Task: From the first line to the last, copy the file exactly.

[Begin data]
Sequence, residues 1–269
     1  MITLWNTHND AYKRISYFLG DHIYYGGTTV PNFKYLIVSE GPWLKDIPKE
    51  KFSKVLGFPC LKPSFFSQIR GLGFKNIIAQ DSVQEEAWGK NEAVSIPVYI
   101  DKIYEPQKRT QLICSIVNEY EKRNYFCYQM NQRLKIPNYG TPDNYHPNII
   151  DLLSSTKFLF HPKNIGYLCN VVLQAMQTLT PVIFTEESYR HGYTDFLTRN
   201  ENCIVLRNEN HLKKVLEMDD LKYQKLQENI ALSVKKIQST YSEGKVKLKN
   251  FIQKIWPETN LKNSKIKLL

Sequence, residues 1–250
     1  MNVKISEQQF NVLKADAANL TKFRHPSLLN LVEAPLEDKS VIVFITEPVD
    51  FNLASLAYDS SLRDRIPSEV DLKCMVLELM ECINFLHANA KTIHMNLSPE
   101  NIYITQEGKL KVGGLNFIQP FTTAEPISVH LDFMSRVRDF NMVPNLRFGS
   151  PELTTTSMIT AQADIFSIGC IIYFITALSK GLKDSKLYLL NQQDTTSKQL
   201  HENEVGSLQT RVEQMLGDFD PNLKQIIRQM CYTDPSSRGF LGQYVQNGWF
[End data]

Sequence, residues 1–269
     1  MITLWNTHND AYKRISYFLG DHIYYGGTTV PNFKYLIVSE GPWLKDIPKE
    51  KFSKVLGFPC LKPSFFSQIR GLGFKNIIAQ DSVQEEAWGK NEAVSIPVYI
   101  DKIYEPQKRT QLICSIVNEY EKRNYFCYQM NQRLKIPNYG TPDNYHPNII
   151  DLLSSTKFLF HPKNIGYLCN VVLQAMQTLT PVIFTEESYR HGYTDFLTRN
   201  ENCIVLRNEN HLKKVLEMDD LKYQKLQENI ALSVKKIQST YSEGKVKLKN
   251  FIQKIWPETN LKNSKIKLL

Sequence, residues 1–250
     1  MNVKISEQQF NVLKADAANL TKFRHPSLLN LVEAPLEDKS VIVFITEPVD
    51  FNLASLAYDS SLRDRIPSEV DLKCMVLELM ECINFLHANA KTIHMNLSPE
   101  NIYITQEGKL KVGGLNFIQP FTTAEPISVH LDFMSRVRDF NMVPNLRFGS
   151  PELTTTSMIT AQADIFSIGC IIYFITALSK GLKDSKLYLL NQQDTTSKQL
   201  HENEVGSLQT RVEQMLGDFD PNLKQIIRQM CYTDPSSRGF LGQYVQNGWF